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Positional review: The 49ers are set at linebacker for the foreseeable future

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What a season it was for the trio of Warner, Alexander, and Greenlaw

Super Bowl LIV - San Francisco 49ers v Kansas City Chiefs Photo by Michael Zagaris/San Francisco 49ers/Getty Images

The San Francisco 49ers defense took a major step forward in 2019. A lot of that can be attributed to a pass rush that continuously overwhelmed opposing offensive lines. Dee Ford, Nick Bosa, DeForest Buckner, and Arik Armstead were terrors when they were on the field together. That wasn’t the only position where the 49ers improved. When you watched San Francisco’s defense in 2018, they were a step slow at the second level. Adding speed was imperative for what defensive coordinator Robert Saleh was asking his linebackers to do.

Speed kills

Between Fred Warner, Kwon Alexander, and Dre Greenlaw, the 49ers eliminated offenses short passing attack. San Francisco was second in DVOA against tight ends and first by a longshot at taking away running backs. They got into throwing lanes and closed on receivers before they had a chance to get going. While it’s easy to remember the missed tackles that were costly in the Super Bowl, that wasn’t the case during the season. The majority of tackles that were missed by the linebackers were cleaned up by another defender in a split-second. A good portion of those misses wouldn’t have even been attempted for most linebackers. That’s how fast these guys were. It was fun to watch.

IQ>Athleticism

Last month, I found one play in each game where Alexander had an impact. The football IQ both him and Warner showed the first half of the season was second to none. The 49ers had the second-best pass defense against all throws under ten yards this season, and you can thank the linebackers for that. Often the quarterback had to go to another read because his initial target was covered. If the quarterback hesitated, the Niners linebackers made them pay, as you can see around the:20 second mark:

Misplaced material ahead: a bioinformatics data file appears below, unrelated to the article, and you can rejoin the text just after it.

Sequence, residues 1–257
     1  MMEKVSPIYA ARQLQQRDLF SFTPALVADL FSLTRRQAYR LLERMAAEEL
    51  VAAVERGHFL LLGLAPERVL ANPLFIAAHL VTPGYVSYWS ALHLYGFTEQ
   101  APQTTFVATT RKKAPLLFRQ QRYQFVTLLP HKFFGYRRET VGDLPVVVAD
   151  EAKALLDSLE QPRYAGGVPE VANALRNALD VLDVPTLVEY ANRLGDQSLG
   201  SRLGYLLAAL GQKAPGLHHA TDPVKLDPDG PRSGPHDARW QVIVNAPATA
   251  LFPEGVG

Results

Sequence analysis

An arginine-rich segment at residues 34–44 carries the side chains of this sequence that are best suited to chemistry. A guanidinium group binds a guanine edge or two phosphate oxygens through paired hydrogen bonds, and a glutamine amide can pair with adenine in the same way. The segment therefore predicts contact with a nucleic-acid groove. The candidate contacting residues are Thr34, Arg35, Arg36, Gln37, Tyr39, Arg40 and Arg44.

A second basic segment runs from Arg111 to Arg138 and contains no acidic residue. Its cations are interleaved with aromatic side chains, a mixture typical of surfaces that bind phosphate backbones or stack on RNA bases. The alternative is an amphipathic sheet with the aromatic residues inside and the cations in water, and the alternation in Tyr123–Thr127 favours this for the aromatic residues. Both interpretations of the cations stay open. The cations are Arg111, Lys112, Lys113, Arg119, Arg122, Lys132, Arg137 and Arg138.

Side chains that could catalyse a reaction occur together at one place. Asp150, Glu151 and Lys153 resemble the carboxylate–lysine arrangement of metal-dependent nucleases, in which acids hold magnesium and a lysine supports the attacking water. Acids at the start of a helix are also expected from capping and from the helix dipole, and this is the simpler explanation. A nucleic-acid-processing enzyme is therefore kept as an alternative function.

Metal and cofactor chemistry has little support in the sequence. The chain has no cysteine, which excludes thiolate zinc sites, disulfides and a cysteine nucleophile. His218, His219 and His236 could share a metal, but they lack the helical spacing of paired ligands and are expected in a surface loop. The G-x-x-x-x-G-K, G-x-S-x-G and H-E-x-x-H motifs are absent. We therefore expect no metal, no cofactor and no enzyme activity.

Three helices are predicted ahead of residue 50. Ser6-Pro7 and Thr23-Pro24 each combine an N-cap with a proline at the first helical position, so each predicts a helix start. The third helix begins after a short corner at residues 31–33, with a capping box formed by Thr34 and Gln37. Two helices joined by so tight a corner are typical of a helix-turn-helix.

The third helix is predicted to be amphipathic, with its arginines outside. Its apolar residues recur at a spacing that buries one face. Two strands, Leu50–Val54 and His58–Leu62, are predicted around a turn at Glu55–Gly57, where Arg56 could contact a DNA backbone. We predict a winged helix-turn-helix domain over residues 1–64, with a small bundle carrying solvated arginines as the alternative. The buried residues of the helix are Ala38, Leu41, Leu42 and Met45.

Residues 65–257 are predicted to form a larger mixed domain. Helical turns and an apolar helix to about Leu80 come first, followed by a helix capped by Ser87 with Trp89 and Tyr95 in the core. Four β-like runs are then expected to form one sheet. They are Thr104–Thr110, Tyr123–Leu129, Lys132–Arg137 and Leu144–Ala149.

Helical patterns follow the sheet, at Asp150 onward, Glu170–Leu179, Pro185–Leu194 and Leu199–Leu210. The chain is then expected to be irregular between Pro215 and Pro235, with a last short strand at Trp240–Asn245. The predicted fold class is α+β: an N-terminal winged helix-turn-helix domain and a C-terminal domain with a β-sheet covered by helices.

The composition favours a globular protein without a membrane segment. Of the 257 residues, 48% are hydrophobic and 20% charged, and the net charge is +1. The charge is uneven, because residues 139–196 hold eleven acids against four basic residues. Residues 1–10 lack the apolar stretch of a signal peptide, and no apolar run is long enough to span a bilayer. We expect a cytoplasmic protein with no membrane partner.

Alexander was impressive as far as his instincts go. Warner was elite. The Ravens game was a great example:

Warner’s best plays don’t involve him breaking up passes, though. The routes that he recognized before they developed is what stood out to me:

Because we can’t assign stats/grades to that, Warner didn’t get credit for non-targets. I’m here to tell you that Warner was the best coverage linebacker in the NFL. That’s not me being hyperbolic, or playing to a crowd. That’s not how I watch football. This sport is more enjoyable when you tell it how it is and don’t have the “fanboy bias.” Warner is a particular player, and him being in his second season is scary knowing there is still room to improve.

Reckless abandon

Nobody is going to confuse the three linebackers for your old school “thumper” types. The Takeo Spikes of the NFL have been phased out. That doesn’t mean you can’t be aggressive. Greenlaw struggled with this initially but improved as the season went along. With how the 49ers lineup on defense, there is going to be a linebacker that must take on an uncovered offensive lineman. That is no fun, as you’re giving up anywhere between 50-70 pounds. One thing that I appreciated from Alexander was the recklessness he played with, for lack of a better term. Kwon did his job so Fred could make the play.

Alexander was rewarded with stops and a sack against the Browns from this aggressive style of play. Were there times when one of the linebackers were out of position? Sure. The consistent mentality of “I’m going to do whatever it takes so my teammate can make a play” made this defense one of the top units in the NFL. They played like a team, and it showed.

Set at the second-level

The 49ers have good problems at linebacker. Azeez Al-Shaair will continue to be a special teamer that develops. Since Week 10, no linebacker in the NFL had more solo tackles than Greenlaw. A rookie fifth-round selection turned into a budding star. From the interception in overtime to the game-sealing tackle in Week 17, Dre found ways to affect the game. Most of the time, you want your rookie to go out there and not cost you big plays. Greenlaw made plays. He has a bright future.

Before the injury, it was Alexander that was known as the best coverage linebacker in the NFL. He led the NFL in passer rating allowed. Seeing him and Warner play side-by-side and communicate together was as fun as it gets if you’re a fan of defensive football. I hope they both stay healthy because we are talking about two special talents.